Income inequality shapes Minnesota tax debate

  • Article by: LORI STURDEVANT , Star Tribune
  • Updated: March 16, 2013 - 6:47 PM

Even in middle-class, middle-American Minnesota, income inequality is rising. It’s not a new phenomenon.

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Photo: Non-perishable food donated to a food shelf.

At Thursday’s rollout of the new and — some would say — improved version of Gov. Mark Dayton’s 2014-15 proposed state budget, one of my eagle-eyed Star Tribune colleagues spotted a slight discrepancy in the new numbers vs. January’s version.

Why is the governor’s proposed new top income tax bracket forecast to generate more revenue than the same proposal was pegged to yield two months ago? Rachel Stassen-Berger asked.

“The forecast changed,” said Revenue Commissioner Myron Frans, explaining a $20 million increase.

“Here’s what’s happening: In 2011-12, the top 1 percent of incomes in the country grew by 11 percent, and the other 99 percent went down, a negative 0.7 percent. After the recession, we are seeing recovery in incomes at the high end.”

Make that the high end — only.

Frans steered me to a New York Times report last October that said that in the first full year of recovery from the Great Recession, the top 1 percent of earners captured 93 percent of all U.S. economic growth.

He could have pointed to numbers closer to home. His own department’s latest Tax Incidence Study projects that in 2015, the top 1 percent of Minnesota’s earners will take home 16.3 percent of the state’s total household income, up from 13.9 percent in 2002. Meanwhile, the bottom 40 percent’s share in 2015 will be 9.6 percent, down from 10.7 percent 11 years ago.

Even in middle-class, middle-American Minnesota, income inequality is rising. It’s not a new phenomenon.

State demographer Susan Brower made that point before a House panel last month. Her graphs show that in all but the lowest-earning quintile of Minnesotans, mean incomes (in real terms, after adjusting for inflation) rose nicely between 1950 and 1970. Then the raises stopped for the bottom 80 percent. To be sure, individuals moved from one quintile trend line to another. But the state’s overall income pattern has held steady — or shrunk slightly — for more than 40 years.

Not so for the top 20 percent, however. The mean wage income within the top quintile kept rising after 1970. Mean household income in that quintile leveled off after 1990 at about $170,000 (in 2010 dollars), but it soared before that.

Meanwhile, in both the state and nation, poverty is on the rise. The share of the Minnesota population living with incomes below the federal poverty line ($15,130 for a two-person household in 2012) is 12 percent, Brower said. That’s a 30-year high, and up from a low of 8 percent in 2000.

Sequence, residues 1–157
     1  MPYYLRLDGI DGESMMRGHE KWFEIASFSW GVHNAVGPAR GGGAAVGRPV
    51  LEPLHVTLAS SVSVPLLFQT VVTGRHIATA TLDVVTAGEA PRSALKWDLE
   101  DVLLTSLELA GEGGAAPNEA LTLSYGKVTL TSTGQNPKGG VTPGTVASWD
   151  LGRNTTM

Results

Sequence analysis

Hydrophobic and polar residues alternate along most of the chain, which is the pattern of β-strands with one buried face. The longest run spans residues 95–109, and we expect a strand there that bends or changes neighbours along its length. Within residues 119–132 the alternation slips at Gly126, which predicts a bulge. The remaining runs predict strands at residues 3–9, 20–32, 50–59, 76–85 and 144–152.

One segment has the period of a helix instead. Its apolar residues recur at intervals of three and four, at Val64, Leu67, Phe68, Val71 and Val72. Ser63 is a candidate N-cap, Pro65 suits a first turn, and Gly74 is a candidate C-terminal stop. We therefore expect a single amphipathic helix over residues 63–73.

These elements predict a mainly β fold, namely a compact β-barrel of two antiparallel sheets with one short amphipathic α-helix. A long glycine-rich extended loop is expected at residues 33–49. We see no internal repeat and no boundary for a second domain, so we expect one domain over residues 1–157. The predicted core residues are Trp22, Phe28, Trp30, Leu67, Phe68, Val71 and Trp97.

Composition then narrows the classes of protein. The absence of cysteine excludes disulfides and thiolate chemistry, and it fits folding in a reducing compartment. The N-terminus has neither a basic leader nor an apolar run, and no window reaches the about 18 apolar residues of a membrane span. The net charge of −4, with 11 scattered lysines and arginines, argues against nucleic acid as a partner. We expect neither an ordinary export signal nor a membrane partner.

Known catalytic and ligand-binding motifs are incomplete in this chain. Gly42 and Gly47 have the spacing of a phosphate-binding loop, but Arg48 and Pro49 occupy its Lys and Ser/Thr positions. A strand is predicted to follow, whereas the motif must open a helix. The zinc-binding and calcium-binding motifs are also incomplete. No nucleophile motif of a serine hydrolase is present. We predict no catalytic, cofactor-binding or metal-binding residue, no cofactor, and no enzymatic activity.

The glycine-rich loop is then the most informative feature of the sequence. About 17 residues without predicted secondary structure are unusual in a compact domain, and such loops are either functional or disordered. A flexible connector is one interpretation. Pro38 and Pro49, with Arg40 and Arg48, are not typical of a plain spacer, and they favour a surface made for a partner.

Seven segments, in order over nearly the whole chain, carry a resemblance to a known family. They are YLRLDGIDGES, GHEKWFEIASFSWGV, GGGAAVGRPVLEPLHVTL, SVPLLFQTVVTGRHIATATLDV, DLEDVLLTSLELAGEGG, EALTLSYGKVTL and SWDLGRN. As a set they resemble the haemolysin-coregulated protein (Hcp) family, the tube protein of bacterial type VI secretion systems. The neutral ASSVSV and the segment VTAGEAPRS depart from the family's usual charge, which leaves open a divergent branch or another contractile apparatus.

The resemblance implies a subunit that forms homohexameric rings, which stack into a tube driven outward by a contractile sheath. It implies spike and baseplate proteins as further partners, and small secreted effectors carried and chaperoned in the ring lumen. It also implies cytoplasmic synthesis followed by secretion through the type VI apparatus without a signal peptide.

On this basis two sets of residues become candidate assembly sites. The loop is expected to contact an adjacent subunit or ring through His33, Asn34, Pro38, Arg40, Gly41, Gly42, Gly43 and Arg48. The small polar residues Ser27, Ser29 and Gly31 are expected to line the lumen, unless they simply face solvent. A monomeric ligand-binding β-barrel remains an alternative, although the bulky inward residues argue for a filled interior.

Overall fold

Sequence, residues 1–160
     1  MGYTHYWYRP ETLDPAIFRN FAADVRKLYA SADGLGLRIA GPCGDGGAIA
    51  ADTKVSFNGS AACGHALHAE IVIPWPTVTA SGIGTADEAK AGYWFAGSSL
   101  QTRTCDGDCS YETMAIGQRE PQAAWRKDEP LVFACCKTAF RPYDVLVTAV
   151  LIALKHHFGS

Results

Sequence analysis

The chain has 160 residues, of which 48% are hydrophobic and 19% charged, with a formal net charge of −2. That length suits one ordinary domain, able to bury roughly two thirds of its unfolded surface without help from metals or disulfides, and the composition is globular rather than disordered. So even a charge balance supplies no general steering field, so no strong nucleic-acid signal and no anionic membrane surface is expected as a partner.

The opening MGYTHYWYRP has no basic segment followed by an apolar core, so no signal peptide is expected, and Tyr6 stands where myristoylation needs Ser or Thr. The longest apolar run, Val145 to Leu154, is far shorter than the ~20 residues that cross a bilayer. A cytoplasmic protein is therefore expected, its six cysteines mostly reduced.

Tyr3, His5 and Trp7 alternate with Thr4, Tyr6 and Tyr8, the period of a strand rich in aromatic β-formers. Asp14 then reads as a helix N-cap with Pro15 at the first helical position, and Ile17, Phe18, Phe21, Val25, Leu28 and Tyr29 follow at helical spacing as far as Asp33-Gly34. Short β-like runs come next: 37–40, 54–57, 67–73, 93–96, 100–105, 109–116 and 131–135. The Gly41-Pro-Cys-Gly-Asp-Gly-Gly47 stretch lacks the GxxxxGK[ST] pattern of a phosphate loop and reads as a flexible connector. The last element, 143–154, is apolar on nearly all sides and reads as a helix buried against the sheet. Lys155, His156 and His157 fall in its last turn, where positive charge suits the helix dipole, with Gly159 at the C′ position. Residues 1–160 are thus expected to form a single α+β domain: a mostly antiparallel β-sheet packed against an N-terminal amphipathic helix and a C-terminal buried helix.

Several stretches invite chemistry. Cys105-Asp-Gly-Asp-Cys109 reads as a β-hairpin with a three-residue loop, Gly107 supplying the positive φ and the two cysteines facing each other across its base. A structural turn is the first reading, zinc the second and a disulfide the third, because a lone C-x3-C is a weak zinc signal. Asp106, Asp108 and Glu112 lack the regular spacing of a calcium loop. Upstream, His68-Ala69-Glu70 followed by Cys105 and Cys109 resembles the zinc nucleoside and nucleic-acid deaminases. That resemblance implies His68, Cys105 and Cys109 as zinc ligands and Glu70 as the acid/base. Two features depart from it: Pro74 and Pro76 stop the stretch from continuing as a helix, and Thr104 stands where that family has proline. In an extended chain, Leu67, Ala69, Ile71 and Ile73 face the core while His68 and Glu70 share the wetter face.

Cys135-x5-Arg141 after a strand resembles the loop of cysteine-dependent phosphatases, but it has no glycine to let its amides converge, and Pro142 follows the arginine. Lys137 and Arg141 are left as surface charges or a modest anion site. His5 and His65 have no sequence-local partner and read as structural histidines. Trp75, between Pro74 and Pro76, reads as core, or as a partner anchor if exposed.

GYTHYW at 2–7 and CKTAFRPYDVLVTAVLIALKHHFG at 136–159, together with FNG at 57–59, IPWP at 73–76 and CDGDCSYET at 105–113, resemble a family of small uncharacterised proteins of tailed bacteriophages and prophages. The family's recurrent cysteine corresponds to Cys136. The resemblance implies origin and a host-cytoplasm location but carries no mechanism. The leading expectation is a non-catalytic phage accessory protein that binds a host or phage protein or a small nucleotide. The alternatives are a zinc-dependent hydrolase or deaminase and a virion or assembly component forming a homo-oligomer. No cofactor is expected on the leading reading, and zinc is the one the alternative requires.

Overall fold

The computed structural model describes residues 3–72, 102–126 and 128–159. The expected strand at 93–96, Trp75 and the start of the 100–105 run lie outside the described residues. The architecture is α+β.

It’s fair to conclude that the modern Minnesota economy, like the nation’s, is a robust engine for making the rich richer and the poor more numerous.

That phenomenon is salient context for the debate over taxing and spending that will dominate the remainder of the 2013 legislative session. It’s a lens through with Minnesotans will view and judge Dayton’s plan to raise the state income tax rate that applies to that portion of taxable incomes in excess of $250,000 for joint married tax filers and $150,000 for single filers.

The average taxable incomes of the 2 percent of state taxpayers who would pay such a tax is $617,000, derived from total incomes in the $650,000 range. Those are numbers that make populist eyes pop.

Minnesota politics has exhibited a populist streak for more than 100 years. But my impression is that most Minnesotans don’t begrudge high-income people their success. They wouldn’t favor a state tax scheme that’s punitive to those who’ve succeeded.

But they’d like to see successful folks pay the same share of their incomes in state and local taxes that middle-income people do. They don’t, and they haven’t for more than a decade. The latest Tax Incidence Study reported a state-plus-local effective tax rate of 9.6 percent for Minnesotans making more than $446,961 per year. By comparison, households with incomes between $41,102 and $53,071 pay 12.3 percent.

Dayton frequently cites those figures as he argues for the upper-income tax increase he’s touted consistently since he started running for governor in 2009. He doesn’t as often mention growing income inequality, and when he does, it’s to suggest that those at the top appear able to afford a little extra tax bite.

More could be said from the gubernatorial bully pulpit about the aspect of income inequality that I think most troubles Minnesotans. It’s declining opportunity for those in the lower quintiles to prosper at any time in their lives.

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